How Often Should I Run My Grow Tent Ventilation

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VIVOSUN Grow Tent Ventilation

Think about taking a walk in the park or hiking a mountain: all of the plants around you will be moving in the wind. This is a kind of natural ventilation. However, in an indoor gardening room or tent, we need to recreate natural conditions that won’t be possible without the right equipment and planning. We’ve talked a lot about LED grow lights but we also want to cover the specifics of ventilation in a grow tent.

The role of fans in ventilation

Maintaining proper temperature

Using grow lights can create a lot of heat in a small space like a grow tent (although LEDs create less heat than HPS or MH bulbs!). Sometimes, the inside of a tent can reach above 80 degrees, which can be very harmful to your plants. Further, lights produce both convective and radiant heat so you may find that your tents get a lot hotter than you planned—this is why we also recommend picking up a thermometer when growing in a tent.

Controlling humidity

Plants are constantly emitting water vapor along with Oxygen and CO2 as byproducts of photosynthesis. Since you are growing in an enclosed space with stagnant air, the built-up moisture can attract pests and encourage mold. Good ventilation can effectively reduce the humidity inside the tent, and a high CFM fan helps control it.

Providing fresh air

This might be the most important role of a fan! Plants need a lot of carbon dioxide-containing air for photosynthesis, but a confined space obviously adds any extra CO2, so fans solve this problem by bringing in outside air and forcing old air out of the tent.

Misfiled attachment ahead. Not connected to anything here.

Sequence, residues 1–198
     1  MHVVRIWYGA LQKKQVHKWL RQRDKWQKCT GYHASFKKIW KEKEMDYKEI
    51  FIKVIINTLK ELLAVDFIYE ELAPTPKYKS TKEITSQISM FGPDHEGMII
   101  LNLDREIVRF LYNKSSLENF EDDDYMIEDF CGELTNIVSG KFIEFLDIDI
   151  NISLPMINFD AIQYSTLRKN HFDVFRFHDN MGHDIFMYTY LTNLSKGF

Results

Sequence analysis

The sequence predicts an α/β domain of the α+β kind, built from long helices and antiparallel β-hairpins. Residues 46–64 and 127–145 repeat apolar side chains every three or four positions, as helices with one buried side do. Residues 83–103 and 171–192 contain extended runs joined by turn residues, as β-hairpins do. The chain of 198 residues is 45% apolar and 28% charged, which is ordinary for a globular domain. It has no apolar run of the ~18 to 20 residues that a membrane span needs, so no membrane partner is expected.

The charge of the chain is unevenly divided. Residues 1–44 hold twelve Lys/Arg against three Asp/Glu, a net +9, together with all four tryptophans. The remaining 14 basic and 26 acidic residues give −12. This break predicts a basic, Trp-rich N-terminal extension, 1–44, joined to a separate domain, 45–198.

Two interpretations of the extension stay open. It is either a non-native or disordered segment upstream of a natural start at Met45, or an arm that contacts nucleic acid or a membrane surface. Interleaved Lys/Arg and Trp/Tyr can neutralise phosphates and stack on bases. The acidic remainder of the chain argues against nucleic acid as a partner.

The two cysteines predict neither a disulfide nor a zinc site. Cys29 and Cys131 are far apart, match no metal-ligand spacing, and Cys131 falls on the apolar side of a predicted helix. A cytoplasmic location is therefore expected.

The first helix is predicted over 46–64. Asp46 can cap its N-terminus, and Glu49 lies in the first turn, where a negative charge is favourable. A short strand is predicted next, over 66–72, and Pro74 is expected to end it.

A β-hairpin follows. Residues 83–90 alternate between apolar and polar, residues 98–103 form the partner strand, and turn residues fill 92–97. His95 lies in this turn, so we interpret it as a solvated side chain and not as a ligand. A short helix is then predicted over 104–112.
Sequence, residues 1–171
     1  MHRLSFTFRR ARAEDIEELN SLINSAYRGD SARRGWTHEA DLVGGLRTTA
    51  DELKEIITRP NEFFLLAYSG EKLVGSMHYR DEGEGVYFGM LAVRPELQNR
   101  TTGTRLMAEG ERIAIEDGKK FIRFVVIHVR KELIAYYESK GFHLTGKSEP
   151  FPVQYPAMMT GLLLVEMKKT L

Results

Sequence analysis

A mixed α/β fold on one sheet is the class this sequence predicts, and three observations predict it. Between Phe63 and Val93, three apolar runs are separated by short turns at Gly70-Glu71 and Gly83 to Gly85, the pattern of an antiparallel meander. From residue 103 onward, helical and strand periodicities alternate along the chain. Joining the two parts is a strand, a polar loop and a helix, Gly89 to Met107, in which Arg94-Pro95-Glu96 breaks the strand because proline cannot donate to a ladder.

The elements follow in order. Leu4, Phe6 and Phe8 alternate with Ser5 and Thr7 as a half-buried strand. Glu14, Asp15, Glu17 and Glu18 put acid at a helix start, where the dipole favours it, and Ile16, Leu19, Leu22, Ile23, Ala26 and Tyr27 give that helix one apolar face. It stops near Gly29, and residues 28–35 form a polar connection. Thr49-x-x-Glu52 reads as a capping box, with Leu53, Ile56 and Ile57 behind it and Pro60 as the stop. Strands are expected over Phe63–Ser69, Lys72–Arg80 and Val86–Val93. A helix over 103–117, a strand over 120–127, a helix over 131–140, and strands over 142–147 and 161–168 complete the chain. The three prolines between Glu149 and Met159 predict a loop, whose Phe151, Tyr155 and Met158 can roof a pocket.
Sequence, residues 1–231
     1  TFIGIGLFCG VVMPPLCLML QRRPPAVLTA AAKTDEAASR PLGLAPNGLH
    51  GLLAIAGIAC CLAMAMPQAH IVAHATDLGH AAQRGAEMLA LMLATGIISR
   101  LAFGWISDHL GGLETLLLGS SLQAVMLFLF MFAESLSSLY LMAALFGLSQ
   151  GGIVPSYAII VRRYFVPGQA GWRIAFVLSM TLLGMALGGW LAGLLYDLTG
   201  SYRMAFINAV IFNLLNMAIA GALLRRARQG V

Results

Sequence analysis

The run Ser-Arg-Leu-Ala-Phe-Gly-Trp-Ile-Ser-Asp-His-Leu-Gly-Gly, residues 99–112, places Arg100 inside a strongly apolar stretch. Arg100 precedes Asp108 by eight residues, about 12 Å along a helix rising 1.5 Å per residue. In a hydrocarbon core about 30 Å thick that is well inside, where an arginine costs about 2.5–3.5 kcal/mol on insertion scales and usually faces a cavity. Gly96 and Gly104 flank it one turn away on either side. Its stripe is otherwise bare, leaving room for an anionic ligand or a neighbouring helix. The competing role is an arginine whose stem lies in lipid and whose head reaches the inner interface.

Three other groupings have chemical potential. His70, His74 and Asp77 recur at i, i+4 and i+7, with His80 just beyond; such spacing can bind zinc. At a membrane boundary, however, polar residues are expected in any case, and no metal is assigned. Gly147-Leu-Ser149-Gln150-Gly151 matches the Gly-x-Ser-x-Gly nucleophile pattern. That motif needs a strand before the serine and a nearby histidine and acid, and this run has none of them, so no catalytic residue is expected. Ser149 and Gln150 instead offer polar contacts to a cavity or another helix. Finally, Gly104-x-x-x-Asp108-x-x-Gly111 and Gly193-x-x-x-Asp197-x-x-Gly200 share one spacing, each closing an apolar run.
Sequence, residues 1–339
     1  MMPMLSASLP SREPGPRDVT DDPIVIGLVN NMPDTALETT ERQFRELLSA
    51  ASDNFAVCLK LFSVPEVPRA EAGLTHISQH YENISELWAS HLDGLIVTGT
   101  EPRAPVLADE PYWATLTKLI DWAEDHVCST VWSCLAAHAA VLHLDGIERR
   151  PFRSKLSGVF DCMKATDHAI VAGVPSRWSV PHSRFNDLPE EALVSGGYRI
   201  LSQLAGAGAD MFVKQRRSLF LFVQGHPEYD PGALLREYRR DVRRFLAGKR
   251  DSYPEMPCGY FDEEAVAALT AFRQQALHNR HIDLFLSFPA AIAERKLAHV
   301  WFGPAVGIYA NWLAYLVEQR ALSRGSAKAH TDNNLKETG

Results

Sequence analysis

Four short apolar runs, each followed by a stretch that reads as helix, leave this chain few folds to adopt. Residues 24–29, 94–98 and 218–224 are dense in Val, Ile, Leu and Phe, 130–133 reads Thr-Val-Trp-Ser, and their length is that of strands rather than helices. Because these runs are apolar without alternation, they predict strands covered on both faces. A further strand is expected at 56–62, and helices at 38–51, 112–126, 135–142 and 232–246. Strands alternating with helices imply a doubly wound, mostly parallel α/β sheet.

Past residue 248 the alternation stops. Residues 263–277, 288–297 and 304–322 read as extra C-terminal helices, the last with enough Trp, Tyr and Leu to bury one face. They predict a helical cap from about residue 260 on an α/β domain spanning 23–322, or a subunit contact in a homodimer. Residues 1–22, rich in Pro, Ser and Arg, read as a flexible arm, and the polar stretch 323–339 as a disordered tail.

OK! Now we know why a fan is important for your tent, but how often should we run it? There are a couple of things to consider.

The amount of ventilation

Different sizes of grow tents require different amounts of ventilation. Divide the tent’s volume by 3 to get the desired CFM (cubic feet per minute). If you own a grow tent about 720 cubic feet in size, you need a fan with 240 CFM.

In general, growers estimate the following equipment to add higher CFM requirements to your fan:

Ducting: For each 90° bend in your ducting your CFM requirement will increase by about 40-60%, so try to minimize the number of bends in your ducting.

Carbon Filter: A carbon filter will increase your CFM requirement by about 60%.

Grow Lights: Due to heat output, your CFM requirement will increase by about 50% for LEDs.

Now, with all of this information, we can measure the approximate CFM required for our fan. The equation will be:

(cubic feet of space) x (ducting) x (carbon filter) x (grow lights) = CFM required.

107 x 1.6 x 1.6 x 1.5 = 410CFM

VIVOSUN Grow Tent size Recommend Duct Fan
2×2 Grow Tent AeroZesh T4 Inline Fan 4
2.7×2.7 Grow Tent AeroZesh S4 Inline Fan 4
2×3 Grow Tent AeroZesh G4 Inline Fan 4
3×3 Grow Tent AeroZesh G4 Inline Fan 4
2×4 Grow Tent AeroZesh T4 Inline Fan 4